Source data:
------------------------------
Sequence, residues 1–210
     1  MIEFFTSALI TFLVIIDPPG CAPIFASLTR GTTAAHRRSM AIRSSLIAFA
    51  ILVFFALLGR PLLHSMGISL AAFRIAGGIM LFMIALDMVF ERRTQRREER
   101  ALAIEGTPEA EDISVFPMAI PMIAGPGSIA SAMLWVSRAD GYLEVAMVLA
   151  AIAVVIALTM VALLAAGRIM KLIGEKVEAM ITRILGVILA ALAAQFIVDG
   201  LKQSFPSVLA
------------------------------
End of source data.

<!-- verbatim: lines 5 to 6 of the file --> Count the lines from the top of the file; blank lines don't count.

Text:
   151  AIAVVIALTM VALLAAGRIM KLIGEKVEAM ITRILGVILA ALAAQFIVDG
   201  LKQSFPSVLA